The Wells Fargo Scandal is a Failure in Risk Management
Steven Minsky | Sep. 20, 2016
Wells Fargo recently paid $185 million in penalties – the highest fine levied by the Consumer Financial Protection Bureau (CFPB) since it began operations in 2011 – for inappropriate sales practices. Millions of accounts were set up without customer consent, in many instances generating overdraft charges and other fees. The CFPB referred to the Wells Fargo activities as “widespread,” and 5,300 employees have been fired.
The Wells Fargo scandal is on the level of those at Volkswagen, Wendy’s, Chipotle, and Plains All American Pipeline. Wells Fargo CEO John Stumpf has been asked to testify in Washington to account for his company’s practices, this after he “defended the firm and the efforts it had taken to stop the behavior” and claimed he had no knowledge of employee activities.
Stumpf’s comments indicate a failure in risk management for a few reasons:
- As the CEO of Wells Fargo, he is responsible for the risk management processes in place. How could activities on this scale go unnoticed to management for 5 years? “Not knowing” isn’t a valid excuse. It’s negligence.
- Employees were incentivized by unrealistic sales quotas. Why was there no compensation oversight for these practices?
- Where were the risk assessments on these processes? What about internal audits of both the risk management process and governance oversight?
News broke yesterday that the chief risk officer, Claudia Russ Anderson, has been replaced. It is a warning to all risk executives: they will also be held accountable for risk management negligence, as it is their fiduciary duty to get the board the information it needs through adequate risk management systems and processes. Even though Claudia Russ Anderson did not directly propagate the activities, she is being held accountable because they occurred on her watch.
Wells Fargo Scandal: A Direct Result of Risk Management Negligence
Starting in 2010, the SEC’s Proxy Disclosure Enhancements (rule 33-9089), by establishing an ERM mandate for corporations, made boards responsible for disclosing various risk management requirements. Notable obligations include:
- The disclosure of risk management effectiveness and systems used to manage risk
- The board’s role in risk oversight and knowledge of the company’s material risks down to the front line
- Analysis of its compensation policies for all employees. Simply put, corporations cannot put employees in the risk/reward tradeoff position, which forces them to choose between customer wellbeing and their own careers.
When Wells Fargo designed its sales incentive program, why didn’t risk assessments reveal how unrealistic those sales goals were? Were there mitigation activities to protect against customer account manipulation? If so, where were the risk monitoring activities that would have picked up on the appearance of two million accounts over a five-year period?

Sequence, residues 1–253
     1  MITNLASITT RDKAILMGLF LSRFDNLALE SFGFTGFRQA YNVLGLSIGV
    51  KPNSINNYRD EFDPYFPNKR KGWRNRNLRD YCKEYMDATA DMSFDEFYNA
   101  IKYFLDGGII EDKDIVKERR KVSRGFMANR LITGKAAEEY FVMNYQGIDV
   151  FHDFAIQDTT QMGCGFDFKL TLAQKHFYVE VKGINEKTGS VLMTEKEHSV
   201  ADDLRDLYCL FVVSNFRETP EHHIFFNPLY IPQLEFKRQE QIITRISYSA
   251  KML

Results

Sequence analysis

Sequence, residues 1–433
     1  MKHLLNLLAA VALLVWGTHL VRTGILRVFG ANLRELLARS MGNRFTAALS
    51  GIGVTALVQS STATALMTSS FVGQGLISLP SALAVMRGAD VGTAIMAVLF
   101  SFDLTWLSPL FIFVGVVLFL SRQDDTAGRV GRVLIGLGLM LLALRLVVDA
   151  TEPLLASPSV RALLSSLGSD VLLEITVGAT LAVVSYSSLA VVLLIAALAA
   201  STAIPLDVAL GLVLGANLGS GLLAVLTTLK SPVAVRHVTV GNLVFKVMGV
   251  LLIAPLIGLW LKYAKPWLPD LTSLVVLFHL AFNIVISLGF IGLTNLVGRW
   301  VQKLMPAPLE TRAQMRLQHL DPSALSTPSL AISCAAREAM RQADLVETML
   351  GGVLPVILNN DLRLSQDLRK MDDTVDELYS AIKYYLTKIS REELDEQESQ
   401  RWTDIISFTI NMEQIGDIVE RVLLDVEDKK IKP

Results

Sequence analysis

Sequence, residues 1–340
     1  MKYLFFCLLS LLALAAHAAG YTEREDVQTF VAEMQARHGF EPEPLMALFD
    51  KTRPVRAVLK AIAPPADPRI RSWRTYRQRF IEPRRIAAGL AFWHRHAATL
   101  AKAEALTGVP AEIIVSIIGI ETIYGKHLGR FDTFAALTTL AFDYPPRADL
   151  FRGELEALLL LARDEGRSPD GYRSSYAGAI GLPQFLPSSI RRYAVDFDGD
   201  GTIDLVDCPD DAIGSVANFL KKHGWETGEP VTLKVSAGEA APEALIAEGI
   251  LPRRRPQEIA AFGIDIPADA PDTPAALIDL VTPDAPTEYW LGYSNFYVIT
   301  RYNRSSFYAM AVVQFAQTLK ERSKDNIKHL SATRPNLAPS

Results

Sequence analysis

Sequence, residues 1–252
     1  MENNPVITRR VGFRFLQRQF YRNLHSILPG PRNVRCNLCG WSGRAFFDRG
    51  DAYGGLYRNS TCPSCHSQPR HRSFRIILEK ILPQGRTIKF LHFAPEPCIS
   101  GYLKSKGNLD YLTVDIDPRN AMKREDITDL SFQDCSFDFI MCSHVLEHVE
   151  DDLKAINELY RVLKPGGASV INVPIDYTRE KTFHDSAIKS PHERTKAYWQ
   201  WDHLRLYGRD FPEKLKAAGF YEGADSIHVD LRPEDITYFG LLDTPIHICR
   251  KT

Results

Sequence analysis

ERM Enforcement: The Wells Fargo Scandal Will Follow the Same Trajectory as Risk Management Failures Since 2010
We have all seen ERM enforcements before, whether we realize it or not. Wells Fargo is but the most recent iteration of the same trend: risk management failures lead to a crisis event, which leads to penalties, which lead to class-action lawsuits, which recently resulted in criminal charges and jail time.
The Yates Memo (2015) by the Department of Justice (DOJ) clearly spells out consequences for failed risk management: Americans should never assume that negligence or fraud will go unpunished simply because they were committed on behalf of a corporation rather than an individual.
Consider the parallel of the risk management failures at Volkswagen:
- Regulatory penalties
- Punitive damages
- Class action lawsuits (risk management negligence – management and the board)
- Criminal charges & individual liability
In both cases, the CEOs (and other executives) made similar claims: I’m not responsible for this incident because I didn’t have direct oversight; it’s not my fault. This is the basis for negligence; they are directly accountable for their risk management processes and systems. Both Wells Fargo and Volkswagen (not to mention Wendy’s, Plains All American, and Dwolla) were found negligent in risk management and are suffering the consequences accordingly.
We’re currently witnessing Wells Fargo in the beginning stages of this process; it’s already been slapped with penalties, and the “I didn’t know” excuse – this time in the form of “it’s the employees’ fault, not management’s” – will provide no shelter against coming accusations.
The lesson: boards and senior management are absolutely responsible for the risk management effectiveness of their companies. It is their obligation, as outlined in SEC rule 33-9089, to ensure that robust risk management programs and software systems are in place so that scandals like these are avoided.
The good news is that it doesn’t have to be this way. Corporations that can provide evidence of an effective risk management program are largely exempt from punitive damages, class-action lawsuits, and DOJ jail time for management. Many organizations have been successful in similar situations; ERM systems prevent scandals and associated costs, litigation, and jail time.